“Let me show you my house.” Josue left his laptop on the blue table-cloth and we got up to wander the empty house.
My sweaty, bare feet stuck to the ceramics as we walked out of the kitchen and came to a cross-roads. To my left was a sink. A bathroom also, with a toilet and shower, but outside the bathroom, in the center of the cross-roads, there was only a sink with a mirror above it and a bright light illuminating the tired eyes that stared back at me.
Across from the sink was a closed door. My sister’s room, or so I was told. And next to that, an open door. My room. Before it became mine, it belonged to Josue’s 7-year-old nephew. He painted blue stripes on the wall and hung up personal artwork. A picture of him and his mom holding hands. “Te amo,” it said. There was a bed and a closet, but all toys were put away. A large TV sat on the ground in the corner by my bed. I’m not sure if it worked, but it did guard me while I slept.
I turned off the light, and forced the door shut as it protested, then followed Josue down the hallway. To the left, another closed door. His parents’ room. To the right, the door was cracked. I curiously let myself in and my heart fluttered. I knew this room.
I laughed and smiled as I noticed a line of blue stars and moons that danced all the way around the room. “Nice blue stars,” I chuckled. Estars. We often joked at his difficulty in saying the English word.
This is the room Josue and I often skyped in. I remembered the first time we met. I was introduced that night to the white lace curtains that hung behind his headboard and the blue stars and moons that his sister painted years ago when the room belonged to her. He told me, “Wait. I have to show you my guitar.” Those were the first words my brother ever said to me as he reached for his out-of-tune beauty and played a song for me that he had written. We talked for three hours that first night, and now we stood in the same room where we met two years ago. His guitar rested against the closet doors. He picked it up to show me again and told me dreams of owning a new guitar with a prettier sound.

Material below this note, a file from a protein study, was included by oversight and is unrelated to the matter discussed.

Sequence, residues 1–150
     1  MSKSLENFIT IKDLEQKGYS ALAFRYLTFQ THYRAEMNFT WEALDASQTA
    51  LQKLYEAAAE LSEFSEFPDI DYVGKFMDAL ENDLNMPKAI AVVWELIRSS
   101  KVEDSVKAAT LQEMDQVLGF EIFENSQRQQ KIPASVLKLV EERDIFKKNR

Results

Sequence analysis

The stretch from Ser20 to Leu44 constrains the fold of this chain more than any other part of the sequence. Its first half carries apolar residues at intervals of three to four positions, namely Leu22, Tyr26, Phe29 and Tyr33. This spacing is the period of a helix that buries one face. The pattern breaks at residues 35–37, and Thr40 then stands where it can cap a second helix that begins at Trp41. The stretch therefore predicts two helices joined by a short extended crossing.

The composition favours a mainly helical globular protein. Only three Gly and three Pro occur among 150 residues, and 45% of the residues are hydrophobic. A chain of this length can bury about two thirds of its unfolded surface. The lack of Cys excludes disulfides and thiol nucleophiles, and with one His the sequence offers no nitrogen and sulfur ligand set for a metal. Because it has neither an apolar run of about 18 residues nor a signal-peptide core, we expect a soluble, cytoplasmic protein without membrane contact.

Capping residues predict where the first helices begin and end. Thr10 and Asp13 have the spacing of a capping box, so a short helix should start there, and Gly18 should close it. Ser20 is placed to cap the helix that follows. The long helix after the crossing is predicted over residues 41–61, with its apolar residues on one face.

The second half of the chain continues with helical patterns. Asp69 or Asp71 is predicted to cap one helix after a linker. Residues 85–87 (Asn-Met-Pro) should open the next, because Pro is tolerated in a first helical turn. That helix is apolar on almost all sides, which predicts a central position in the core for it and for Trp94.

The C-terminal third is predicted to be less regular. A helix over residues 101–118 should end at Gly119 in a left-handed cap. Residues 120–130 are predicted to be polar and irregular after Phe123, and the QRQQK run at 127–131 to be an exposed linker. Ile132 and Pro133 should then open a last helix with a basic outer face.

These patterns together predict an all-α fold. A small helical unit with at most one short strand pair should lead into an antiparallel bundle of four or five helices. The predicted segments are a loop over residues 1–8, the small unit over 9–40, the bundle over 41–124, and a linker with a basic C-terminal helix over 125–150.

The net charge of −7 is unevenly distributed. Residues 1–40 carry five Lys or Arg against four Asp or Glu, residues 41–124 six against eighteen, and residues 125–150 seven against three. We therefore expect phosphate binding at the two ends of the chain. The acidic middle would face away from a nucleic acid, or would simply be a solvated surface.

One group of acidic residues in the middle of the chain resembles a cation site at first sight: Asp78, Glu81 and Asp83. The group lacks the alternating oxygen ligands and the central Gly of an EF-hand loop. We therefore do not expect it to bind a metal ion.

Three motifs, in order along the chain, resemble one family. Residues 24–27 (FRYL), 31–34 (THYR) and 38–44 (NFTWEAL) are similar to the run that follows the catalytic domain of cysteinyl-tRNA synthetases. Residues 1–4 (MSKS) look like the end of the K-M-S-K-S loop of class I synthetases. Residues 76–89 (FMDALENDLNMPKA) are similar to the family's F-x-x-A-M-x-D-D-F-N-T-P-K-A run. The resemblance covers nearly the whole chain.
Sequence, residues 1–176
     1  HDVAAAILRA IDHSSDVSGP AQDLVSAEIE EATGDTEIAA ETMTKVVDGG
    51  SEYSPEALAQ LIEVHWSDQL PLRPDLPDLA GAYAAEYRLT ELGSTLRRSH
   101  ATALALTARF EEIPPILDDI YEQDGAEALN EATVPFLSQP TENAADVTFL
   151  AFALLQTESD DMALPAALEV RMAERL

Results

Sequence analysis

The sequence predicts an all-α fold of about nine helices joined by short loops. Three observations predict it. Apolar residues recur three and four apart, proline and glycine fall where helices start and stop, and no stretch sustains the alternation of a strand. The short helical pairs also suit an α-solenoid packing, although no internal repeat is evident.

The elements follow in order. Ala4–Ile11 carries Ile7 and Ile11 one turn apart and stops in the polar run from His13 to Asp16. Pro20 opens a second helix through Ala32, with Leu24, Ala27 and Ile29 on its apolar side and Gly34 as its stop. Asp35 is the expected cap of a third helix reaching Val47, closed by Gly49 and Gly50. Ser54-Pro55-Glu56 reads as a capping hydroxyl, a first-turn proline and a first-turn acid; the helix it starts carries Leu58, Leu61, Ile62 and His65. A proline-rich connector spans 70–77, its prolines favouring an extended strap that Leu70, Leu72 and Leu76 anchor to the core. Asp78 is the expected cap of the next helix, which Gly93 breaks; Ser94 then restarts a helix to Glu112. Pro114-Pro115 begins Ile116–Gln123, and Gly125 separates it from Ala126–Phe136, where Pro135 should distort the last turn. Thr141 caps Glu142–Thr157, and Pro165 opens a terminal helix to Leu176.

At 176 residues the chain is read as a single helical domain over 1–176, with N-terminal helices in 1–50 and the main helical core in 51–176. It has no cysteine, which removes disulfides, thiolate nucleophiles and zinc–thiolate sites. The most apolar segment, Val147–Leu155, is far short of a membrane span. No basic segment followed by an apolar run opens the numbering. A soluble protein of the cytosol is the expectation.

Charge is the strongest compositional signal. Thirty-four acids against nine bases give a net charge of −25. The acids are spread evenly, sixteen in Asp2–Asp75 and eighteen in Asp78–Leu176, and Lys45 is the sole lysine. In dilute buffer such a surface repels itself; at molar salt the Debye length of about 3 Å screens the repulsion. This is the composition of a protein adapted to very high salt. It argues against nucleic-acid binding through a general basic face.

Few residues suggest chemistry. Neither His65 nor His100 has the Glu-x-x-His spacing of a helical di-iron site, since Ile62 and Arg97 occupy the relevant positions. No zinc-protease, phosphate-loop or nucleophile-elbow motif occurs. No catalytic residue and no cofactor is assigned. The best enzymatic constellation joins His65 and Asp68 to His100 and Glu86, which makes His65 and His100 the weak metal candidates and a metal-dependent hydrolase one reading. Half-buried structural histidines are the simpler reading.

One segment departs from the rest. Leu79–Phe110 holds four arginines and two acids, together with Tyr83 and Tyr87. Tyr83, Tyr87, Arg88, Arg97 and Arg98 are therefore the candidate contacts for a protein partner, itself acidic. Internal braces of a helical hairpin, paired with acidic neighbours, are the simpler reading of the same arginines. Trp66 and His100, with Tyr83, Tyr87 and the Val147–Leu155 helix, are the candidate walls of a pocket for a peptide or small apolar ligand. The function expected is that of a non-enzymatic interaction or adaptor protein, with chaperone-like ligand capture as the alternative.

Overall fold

It was after midnight when we finished wandering, but I wasn’t ready to sleep. Rain tapped the zinc roof, reminding me of my lullaby in Seattle. We walked back through the hallway, beyond the cross-roads, and across the threshold where I had taken my first steps into their world. Josue and I stood on the ceramic porch, leaning our faces into the iron bars and watching the rain and delinquents pedal the streets. “I like the smell of Costa Rica,” I told Josue. “It smells fresh.” “It’s the rain,” he said. “And the humidity.” I nodded in agreement. Whatever it was, it smelled like home.
The moon was a bright crescent. Josue asked what the moon looked like in Seattle. It hadn’t occurred to me it might have looked different, but it must have. I couldn’t recall. I didn’t remember much about the home I’d slept in last night. Why was that? Why did something so familiar feel so distant now that thousands of miles separated my skin from its home? And how could this home, this place so unfamiliar, feel like a place I’d always known?
After three hours of sitting at the kitchen table, the Martinez home was now also mine. The puerto was the entrance to my home. The cocina was the center of my world. The comida in the hungry fridge was as much mine as it was Josue’s.
These mint green walls and the home inside it were not merely necessities for this family, nor were they simply a collection of things that defined their culture. The guava juice, the painting of the white house, the blue stars, the key to the iron gate – they were pieces of a world that gave my heart rest.